Hurricane Katrina and the "Nobody Could've Predicted" President
"I don't think anybody anticipated the breach of the levees," President George W. Bush protested on September 1, 2005. Ultimately, Bush's feeble - and false - excuse for his tragic failure in the wake of the drowning of New Orleans by Hurricane Katrina four years ago today defined his presidency. As it turns out, from 9/11 and sectarian conflict in Iraq to the election of Hamas and the Bush recession, the leading lights of the Bush administration claimed they never saw it coming. As I first suggested while the economy plunged downward in January, George Bush was the "Nobody Could've Predicted" President.
Even its last throes, the Bush White House insisted the disasters which unfolded on its watch were unforeseeable. Just days before leaving office, Vice President Dick Cheney tried to deflect blame for the calamity on Wall Street and the deepening recession by declaring, "nobody anywhere was smart enough to figure that out" and "I don't know that anybody did." Then, Cheney magically converted failure into a virtue and ignorance into a shield in explaining away the Bush presidency:
"No, obviously, I wouldn't have predicted that. On the other hand I wouldn't have predicted 9/11, the global war on terror, the need to simultaneous run military operations in Afghanistan and Iraq or the near collapse of the financial system on a global basis, not just the U.S."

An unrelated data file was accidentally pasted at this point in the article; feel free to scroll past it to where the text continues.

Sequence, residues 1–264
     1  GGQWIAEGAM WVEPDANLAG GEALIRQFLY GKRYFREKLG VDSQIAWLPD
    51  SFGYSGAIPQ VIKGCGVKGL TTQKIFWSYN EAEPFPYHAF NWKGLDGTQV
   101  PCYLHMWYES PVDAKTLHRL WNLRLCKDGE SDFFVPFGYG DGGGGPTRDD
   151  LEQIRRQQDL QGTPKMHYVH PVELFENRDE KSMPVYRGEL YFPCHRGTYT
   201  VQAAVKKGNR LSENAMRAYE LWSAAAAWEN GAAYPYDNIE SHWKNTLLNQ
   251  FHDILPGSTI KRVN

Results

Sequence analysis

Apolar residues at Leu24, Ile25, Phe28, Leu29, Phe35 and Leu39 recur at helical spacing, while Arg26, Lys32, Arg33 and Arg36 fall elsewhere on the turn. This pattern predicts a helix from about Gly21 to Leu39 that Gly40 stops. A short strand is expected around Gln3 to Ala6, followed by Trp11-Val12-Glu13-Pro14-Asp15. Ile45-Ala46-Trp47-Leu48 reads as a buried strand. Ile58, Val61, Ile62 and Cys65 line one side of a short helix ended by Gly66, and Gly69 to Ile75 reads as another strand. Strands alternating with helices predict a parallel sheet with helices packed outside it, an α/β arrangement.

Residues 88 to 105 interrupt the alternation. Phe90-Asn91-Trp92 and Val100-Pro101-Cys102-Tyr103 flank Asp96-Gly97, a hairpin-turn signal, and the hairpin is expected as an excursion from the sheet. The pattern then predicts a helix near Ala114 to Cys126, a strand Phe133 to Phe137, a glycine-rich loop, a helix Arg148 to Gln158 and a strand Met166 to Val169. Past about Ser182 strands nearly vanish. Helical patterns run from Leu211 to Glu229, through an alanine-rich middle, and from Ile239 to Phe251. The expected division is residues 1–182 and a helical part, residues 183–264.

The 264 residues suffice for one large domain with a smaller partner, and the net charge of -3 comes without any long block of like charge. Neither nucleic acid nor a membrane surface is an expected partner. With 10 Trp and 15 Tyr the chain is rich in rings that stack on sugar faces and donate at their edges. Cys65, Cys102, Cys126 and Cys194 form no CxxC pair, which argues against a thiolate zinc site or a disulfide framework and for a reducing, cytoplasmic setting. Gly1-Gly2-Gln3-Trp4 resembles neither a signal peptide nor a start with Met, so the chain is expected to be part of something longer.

At every turn, of course, voices both inside and outside the government warned a Bush administration asleep at the switch.
Starting with the prospect of terror attacks on the U.S. homeland. As George W. Bush was taking office in early 2001, the Hart-Rudman Commission on U.S. National Security issued its report declaring "The combination of unconventional weapons proliferation with the persistence of international terrorism will end the relative invulnerability of the U.S. homeland to catastrophic attack" and cautioning "many thousands of American lives" are at risk. At a transition briefing in the White House situation room during the first week of January, Clinton National Security Adviser Sandy Berger warned his successor Condoleezza Rice, "I believe that the Bush Administration will spend more time on terrorism generally, and on al-Qaeda specifically, than any other subject." And on January 25, 2001, counterrorism czar Richard Clarke (who helped lead the 1996 effort to protect the Atlanta Olympics from, among other things, threats from hijacked aircraft) handed the Bush national security team the famous Delenda plan for attacking Al Qaeda.
But in the aftermath of the horrific 9/11 attacks, Condi Rice has played the role of a reverse Nostradmus, detailing the myriad foreign policy and security disasters she failed to predict. Confronted by 9/11 commissioner Richard Ben Veniste about the August 6, 2001 PDB (Presidential Daily Brief) which warned of "patterns of suspicious activity in this country consistent with preparations for hijackings or other types of attacks," national security adviser Rice responded: